If you’re to believe the song lyrics, apparently ‘the best things in life are free’. But unfortunately this saying doesn’t extend to marketing automation software.
Admittedly there are a number of ‘free’ marketing automation solutions available in the marketplace. And perhaps they offer some support to microbusinesses who are dipping their toes in the water when it comes to lead nurturing.
But, on the whole, these no-cost or low-cost solutions can actually end up being very expensive indeed.
This is commonplace with ‘freemium’ business models, where there is no initial charge for the use of core products and services. At first glance, such a pricing structure may seem quite attractive. However the functionality associated with such e-CRM solutions is often limited, which means the true ongoing costs soon escalate when users seek the tools they really need. These ‘add ons’ are charged at a premium price – they’re how the providers generate their revenue after all. So, before the users know it, these inexpensive solutions have become far from affordable.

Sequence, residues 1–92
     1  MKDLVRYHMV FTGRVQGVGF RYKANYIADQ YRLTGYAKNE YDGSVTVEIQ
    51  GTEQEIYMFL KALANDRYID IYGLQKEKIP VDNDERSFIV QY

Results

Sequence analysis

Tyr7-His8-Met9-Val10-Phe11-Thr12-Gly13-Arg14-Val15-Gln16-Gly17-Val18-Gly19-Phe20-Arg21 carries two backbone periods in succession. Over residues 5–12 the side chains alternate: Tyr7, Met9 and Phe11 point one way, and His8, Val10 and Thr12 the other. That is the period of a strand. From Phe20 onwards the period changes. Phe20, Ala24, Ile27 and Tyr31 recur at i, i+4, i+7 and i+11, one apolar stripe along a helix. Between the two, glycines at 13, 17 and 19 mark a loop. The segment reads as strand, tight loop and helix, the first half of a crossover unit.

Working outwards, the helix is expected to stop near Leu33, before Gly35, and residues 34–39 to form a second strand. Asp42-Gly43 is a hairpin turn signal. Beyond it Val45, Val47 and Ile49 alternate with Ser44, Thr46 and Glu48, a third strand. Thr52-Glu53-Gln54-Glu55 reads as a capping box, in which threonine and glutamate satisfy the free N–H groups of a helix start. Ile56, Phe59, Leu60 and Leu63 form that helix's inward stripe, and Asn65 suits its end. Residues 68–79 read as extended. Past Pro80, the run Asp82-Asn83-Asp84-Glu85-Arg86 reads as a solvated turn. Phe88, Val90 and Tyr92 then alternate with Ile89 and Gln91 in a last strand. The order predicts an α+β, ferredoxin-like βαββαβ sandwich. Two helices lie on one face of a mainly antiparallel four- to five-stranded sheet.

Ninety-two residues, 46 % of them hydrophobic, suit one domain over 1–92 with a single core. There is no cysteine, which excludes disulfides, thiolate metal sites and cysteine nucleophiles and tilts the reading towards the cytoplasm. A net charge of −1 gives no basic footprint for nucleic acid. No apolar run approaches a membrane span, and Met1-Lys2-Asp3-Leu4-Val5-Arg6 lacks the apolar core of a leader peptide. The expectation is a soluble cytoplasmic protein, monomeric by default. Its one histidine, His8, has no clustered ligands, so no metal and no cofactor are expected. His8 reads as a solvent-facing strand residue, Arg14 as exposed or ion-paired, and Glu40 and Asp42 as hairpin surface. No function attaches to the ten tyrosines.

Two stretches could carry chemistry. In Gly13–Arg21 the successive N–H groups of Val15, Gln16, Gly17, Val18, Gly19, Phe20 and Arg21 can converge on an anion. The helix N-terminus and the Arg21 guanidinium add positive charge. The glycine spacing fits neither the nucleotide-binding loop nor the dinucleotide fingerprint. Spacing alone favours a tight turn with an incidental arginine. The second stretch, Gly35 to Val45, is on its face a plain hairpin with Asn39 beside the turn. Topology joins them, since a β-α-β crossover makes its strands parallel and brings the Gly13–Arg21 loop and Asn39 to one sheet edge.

I suppose that’s where another age-old saying comes in – ‘you get what you pay for’.
To truly reap the value – and desired return – from marketing automation software, CMOs must look beyond a ‘one size fits all’, stripped back e-CRM product. There are much more intuitive solutions available that leverage smart tech as well as the best practice insight and knowledge of humans, to develop tailored, revenue-generating conversations and meaningful customer relationships.
Whilst certainly not ‘free’, these platforms are available on transparent ‘pay as you go’ pricing structures, with competitive rates on email sends, that allow marketers to plan for – and stick to – budgets. You can allocate project-specific costs too, safe in the knowledge you have a greater chance of measuring the return.
So, look carefully at the marketing automation marketplace and take time to distinguish between what options are available and why the pricing structures may look different.
The cheap end of the marketing automation sector is being somewhat eroded by email providers such as Autopilot and MailChimp. But they don’t offer all the other parts of the jigsaw that bridge the delta between sending generic batch and blast emails and cultivating intelligent journeys that engage and communicate with customers throughout their buying cycle. They don’t promote real, personalised and humanised conversations. And they don’t have the secret to achieving results from day one.